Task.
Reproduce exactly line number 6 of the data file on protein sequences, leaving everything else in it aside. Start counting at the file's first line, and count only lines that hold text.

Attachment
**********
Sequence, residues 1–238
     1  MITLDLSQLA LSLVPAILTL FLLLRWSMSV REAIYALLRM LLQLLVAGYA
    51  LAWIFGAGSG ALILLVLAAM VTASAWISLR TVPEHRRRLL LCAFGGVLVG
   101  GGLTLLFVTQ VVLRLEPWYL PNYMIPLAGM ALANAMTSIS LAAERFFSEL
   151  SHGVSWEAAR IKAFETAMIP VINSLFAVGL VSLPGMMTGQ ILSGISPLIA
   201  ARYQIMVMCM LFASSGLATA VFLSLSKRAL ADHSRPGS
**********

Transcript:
   201  ARYQIMVMCM LFASSGLATA VFLSLSKRAL ADHSRPGS